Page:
Painted in 1826 by Eugène Delacroix, the leading French Romantic painter of the day, Greece on the Ruins of Missolonghi is one of the most celebrated French paintings of the 19th century.
The Greek population, already decimated by famine and epidemics, attempted a heroic liberation that ended in tragedy when the Turks killed most of the population of the city.
Delacroix, like many European artists and intellectuals, was a fervent supporter of the Greek cause. Most of the painting is dedicated to the figure of Greece herself, represented as a young woman wearing a traditional costume.
Greece depicted in the painting as a woman
In the painting, Greece is depicted as a kneeling woman who occupies the major part of the painting. She is wearing a traditional Greek costume, her chest being bare, and she spreads her arms as a sign of sadness.
The hand of a dead victim can be seen protruding from the rubble beneath her feet. In the background, a dark-complexioned man wearing a yellow turban, who symbolizes the enemy, is planting a flag in the ground.
The Missolonghi exodus interested Delacroix not only for his sympathies with the Greeks but also because the poet Lord Byron, whom Delacroix greatly admired, had died there.
Delacroix borrows from Christianity for Greece on the Ruins of Missolonghi
The painting also borrows elements from Christianity.
As French art critic Alain Daguerre de Hureaux said: “Greece adopts the attitude of praying in the early centuries of Christianity. The blue coat and white robe, traditionally attributed to the Immaculate Conception, reinforces this analogy to a secular figure of Mary here. The strength of the image is the sharp contrast between the traditional allegory which induces an idealization of the model, and processing of the scene without any concession to the ideal.”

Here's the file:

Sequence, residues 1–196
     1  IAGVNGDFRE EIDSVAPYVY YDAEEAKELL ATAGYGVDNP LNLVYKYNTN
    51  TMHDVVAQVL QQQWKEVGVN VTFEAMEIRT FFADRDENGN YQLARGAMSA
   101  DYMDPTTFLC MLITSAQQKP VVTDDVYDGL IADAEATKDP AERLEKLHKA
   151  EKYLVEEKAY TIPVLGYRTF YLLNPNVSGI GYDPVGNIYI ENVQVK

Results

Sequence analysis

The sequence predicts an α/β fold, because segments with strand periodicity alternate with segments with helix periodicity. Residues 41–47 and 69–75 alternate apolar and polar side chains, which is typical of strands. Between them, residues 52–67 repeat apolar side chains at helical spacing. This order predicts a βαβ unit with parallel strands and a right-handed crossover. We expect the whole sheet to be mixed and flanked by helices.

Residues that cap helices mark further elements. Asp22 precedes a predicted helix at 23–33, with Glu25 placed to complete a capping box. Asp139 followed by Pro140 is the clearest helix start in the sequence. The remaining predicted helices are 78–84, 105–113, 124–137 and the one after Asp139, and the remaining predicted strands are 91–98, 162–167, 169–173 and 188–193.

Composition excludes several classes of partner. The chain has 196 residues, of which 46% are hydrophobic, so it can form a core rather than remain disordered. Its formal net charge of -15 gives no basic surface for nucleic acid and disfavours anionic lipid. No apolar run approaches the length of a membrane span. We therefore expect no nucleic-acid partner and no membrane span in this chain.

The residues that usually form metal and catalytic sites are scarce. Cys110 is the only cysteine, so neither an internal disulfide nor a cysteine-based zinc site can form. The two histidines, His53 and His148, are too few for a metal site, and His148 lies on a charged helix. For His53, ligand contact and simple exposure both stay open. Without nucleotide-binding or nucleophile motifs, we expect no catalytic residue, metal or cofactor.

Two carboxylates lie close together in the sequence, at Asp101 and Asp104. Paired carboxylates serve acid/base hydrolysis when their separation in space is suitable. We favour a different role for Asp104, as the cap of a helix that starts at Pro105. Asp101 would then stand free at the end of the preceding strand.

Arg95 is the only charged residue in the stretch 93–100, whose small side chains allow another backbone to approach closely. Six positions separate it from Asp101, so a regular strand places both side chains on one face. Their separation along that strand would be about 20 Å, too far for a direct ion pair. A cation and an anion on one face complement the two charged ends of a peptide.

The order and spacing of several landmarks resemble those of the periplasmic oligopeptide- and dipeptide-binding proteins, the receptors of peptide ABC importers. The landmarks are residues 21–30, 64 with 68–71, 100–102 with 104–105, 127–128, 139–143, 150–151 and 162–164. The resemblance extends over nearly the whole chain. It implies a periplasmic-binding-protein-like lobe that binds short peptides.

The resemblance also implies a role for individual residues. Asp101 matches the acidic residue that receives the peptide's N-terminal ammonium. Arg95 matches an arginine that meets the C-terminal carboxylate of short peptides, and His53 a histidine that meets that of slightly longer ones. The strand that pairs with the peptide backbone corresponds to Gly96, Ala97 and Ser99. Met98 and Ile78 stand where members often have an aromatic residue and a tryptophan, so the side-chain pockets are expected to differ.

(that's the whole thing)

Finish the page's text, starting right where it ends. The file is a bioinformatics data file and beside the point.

One of the largest museums in France outside of Paris is located in the city of Bordeaux and is called the “Musée des Beaux-Arts de Bordeaux.” It was established in the year 1821 and houses a collection of fine art ranging from the 15th century to the 20th century.
Greece on the Ruins of Missolonghi can be found in the North Wing of this museum along with various other works created by artists of both the Realism and Impressionist movements during the 19th century.
Delacroix in contrast to the Neoclassical perfectionism of his chief rival Ingres, Delacroix took for his inspiration the art of Rubens and painters of the Venetian Renaissance, with an attendant emphasis on colour and movement rather than clarity of outline and carefully modelled form.
In the words of Baudelaire, “Delacroix was passionately in love with passion, but coldly determined to express passion as clearly as possible.” Together with Ingres, Delacroix is considered one of the last old Masters of painting and is one of the few who was ever photographed.